Spain’s Laia Aleixandri: ‘We’re seeing how best to hurt England’

“It was here,” Laia Aleixandri says. “Right here.” The Spain midfielder stands on the grass, boats floating gently by on the Thames, St George’s cross fluttering from the roof of the 13th-century manor house across the lawn, and smiles. It is the perfect place to paint and, a lover of art, Aleixandri has brought her canvases with her, an escape from it all. It is also the perfect place to play and, it turns out, where it all began. “On this actual pitch,” she says.

It was a revelation to her, too. The last time England hosted a European Championship, they were based at Bisham Abbey, just as they had been when they won the 1966 World Cup. The traditional home of the national team, this time it is their quarter-final opponents Spain who are there. Aleixandri, 22 next month, did not know its history, and did not remember that it was part of her own history too, the field where she played her first game for Spain – until things fell into place a fortnight ago.

“My debut was with the under-17s, in 2014, 2015 and, if I remember right, we drew 1-1 and I scored. There were a few of us from the current team who played that day: Patri Guijarro, Aitana Bonmatí, Lucía García, Ona [Batlle] too, and when we got here to train this time we said: ‘Hang on, this looks very familiar…’ Until we got here we had no idea and so, when we saw it, it was like: ‘Oh wow, long time no see.’”

This may be the last time she sees it for a while too, unless they can get through their quarter-final on Wednesday night – and it is their hosts who stand before them. As in 1996, England face Spain. “It will be very competitive: you see that just in the results, but we’re analysing them closely,” says Aleixandri. “They’ve scored a lot of goals, started games well. What stands out for me is the wingers: the damage they can do from there, the crosses they get in: they’re very strong. They’re at home, with their fans: it’s the perfect scenario to win, but it doesn’t always work that way.

“We’re preparing mentally for a stadium packed with England fans but we’ll have a corner that we’ll feel. We’re analysing them, seeing how best to hurt them. And they’ll encounter a Spain that wants to win come what may, that wants to reach the semi-final, play the perfect game.”

They may have to, but there could be something in the way that England play that suits Spain, that is different, at least. Both Denmark’s and Germany’s coaches admitted changing their approach to face the selección, willingly ceding possession at least partly because of a recognition that they could not compete for it. England are less likely to, Aleixandri says, by virtue of how good they are. They have also not yet faced a side that wanted to take the ball from them, as Spain will seek to do.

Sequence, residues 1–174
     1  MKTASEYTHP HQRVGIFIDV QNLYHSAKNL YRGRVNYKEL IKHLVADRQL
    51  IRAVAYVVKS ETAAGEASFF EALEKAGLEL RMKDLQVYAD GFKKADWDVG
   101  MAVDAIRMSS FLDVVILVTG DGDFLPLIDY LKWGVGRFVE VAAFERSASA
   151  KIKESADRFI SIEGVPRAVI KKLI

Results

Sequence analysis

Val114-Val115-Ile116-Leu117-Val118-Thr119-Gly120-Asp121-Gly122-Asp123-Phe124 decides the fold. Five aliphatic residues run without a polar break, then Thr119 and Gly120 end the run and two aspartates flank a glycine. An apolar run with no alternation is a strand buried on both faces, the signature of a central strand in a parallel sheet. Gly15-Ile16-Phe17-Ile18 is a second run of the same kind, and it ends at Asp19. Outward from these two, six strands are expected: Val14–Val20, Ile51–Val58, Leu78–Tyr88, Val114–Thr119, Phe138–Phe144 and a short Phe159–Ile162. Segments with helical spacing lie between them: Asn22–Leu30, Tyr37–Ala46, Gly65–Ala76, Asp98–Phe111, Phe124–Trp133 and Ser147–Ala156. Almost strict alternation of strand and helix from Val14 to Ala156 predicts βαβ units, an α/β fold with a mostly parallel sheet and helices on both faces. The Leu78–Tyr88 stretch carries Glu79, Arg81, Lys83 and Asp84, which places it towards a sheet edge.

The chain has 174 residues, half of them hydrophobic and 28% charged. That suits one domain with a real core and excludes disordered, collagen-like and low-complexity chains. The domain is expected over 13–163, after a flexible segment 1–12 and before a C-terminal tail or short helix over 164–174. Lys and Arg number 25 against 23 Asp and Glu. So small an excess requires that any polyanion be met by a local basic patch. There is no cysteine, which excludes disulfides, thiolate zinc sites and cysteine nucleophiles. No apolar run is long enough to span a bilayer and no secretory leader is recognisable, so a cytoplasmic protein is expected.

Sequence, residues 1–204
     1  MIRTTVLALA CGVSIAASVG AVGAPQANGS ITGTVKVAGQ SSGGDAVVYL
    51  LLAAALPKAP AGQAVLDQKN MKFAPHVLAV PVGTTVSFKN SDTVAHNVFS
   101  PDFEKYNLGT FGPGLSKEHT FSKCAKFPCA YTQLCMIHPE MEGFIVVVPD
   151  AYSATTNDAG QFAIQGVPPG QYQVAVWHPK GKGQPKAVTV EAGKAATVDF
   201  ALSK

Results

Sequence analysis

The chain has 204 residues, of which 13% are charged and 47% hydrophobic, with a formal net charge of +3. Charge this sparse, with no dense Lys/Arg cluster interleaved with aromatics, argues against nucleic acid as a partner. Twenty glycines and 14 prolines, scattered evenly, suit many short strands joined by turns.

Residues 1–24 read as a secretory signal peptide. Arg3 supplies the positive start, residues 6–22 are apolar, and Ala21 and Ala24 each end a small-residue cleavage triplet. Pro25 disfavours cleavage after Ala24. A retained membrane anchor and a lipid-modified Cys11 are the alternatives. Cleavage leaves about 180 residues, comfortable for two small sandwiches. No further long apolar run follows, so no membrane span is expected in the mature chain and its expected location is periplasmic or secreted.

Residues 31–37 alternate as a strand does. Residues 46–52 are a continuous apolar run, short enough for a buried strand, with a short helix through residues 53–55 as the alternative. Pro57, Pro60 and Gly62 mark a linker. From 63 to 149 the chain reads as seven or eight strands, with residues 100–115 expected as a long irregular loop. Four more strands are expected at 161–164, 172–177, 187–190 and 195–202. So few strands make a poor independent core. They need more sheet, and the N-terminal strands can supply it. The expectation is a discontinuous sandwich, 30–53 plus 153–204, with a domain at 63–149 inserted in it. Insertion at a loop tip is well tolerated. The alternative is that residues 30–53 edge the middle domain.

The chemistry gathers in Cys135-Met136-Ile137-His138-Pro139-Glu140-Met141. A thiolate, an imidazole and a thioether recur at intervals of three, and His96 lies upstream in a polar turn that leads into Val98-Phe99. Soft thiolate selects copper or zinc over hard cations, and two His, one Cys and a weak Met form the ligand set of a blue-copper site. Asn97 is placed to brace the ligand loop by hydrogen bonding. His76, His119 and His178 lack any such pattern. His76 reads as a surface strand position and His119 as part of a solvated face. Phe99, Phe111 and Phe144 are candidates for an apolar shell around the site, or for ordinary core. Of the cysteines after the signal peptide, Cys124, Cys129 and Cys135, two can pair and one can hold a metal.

“This is direct rivals, head to head, and [England’s] level is very high, but I think it will be different from our games so far, to Germany. England have their style. It will be much more equal in approach: we will try to have the ball, to create chances. And they will want that too. We’ve played teams who didn’t want the ball, give it to us, shut up deep and didn’t attack, instead waiting for an error. England will open up more, which will mean we will have more space – it also means they will have more space.”

And that is better? “From my point of view, yes. They will want the ball, and we’ll try to weaken them by having it as much as possible, keeping them in their own half.

“I know a few of them because I have been playing against them at junior level for years – Ellie Roebuck, Lauren Hemp, Georgia Stanway, Chloe Kelly – but I haven’t spoken to many personally.” Soon she will: eight of the England squad will be her teammates at Manchester City next season.

“The other day I was joking with Leila [Ouahabi, who has also signed for City]: we joined in the City WhatsApp group, sent them a photo. Hopefully we can see each other face to face in Brighton. It’s a strange way to meet teammates but that’s football. And international football is nice like that: you often meet up with ex-, current and future teammates. Now we’re fighting against each other for a medal but when we come back [to club football] we’ll fight for more together, I’m sure.

“I fell in love with City: not just the facilities, the club’s idea, the manager, but also the playing style. I feel I can contribute a lot with their philosophy of keeping the ball. I spoke to Vicky [Losada], who said how keen they were, and I think it was a very good footballing decision. The Spanish league is taking big steps with professionalisation, competitiveness, development but – and I spoke to Ona about this – you notice the difference in the English league. Things like image rights, how many good teams there are, the depth of quality.”

At club level they have become rivals, Aleixandri laughs. “From 15, 16, I always wanted to play in England. Ona and I used to talk about it a lot when we were younger. She went to United and has told me about the big games, like City-United. And if I have to kick her when that comes around, no problem at all. What I have to do I have to do. At moments like that, there are no friends.”

First, though, there is Spain and the win they need to continue their search for the country’s first senior success and bring them back right here, to the pitch where it all began.

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